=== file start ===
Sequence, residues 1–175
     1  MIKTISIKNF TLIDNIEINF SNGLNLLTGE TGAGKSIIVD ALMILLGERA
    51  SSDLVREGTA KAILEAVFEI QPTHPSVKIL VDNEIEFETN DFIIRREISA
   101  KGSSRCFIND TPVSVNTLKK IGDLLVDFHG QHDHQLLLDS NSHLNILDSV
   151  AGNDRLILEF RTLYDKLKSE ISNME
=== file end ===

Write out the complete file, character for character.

Sequence, residues 1–175
     1  MIKTISIKNF TLIDNIEINF SNGLNLLTGE TGAGKSIIVD ALMILLGERA
    51  SSDLVREGTA KAILEAVFEI QPTHPSVKIL VDNEIEFETN DFIIRREISA
   101  KGSSRCFIND TPVSVNTLKK IGDLLVDFHG QHDHQLLLDS NSHLNILDSV
   151  AGNDRLILEF RTLYDKLKSE ISNME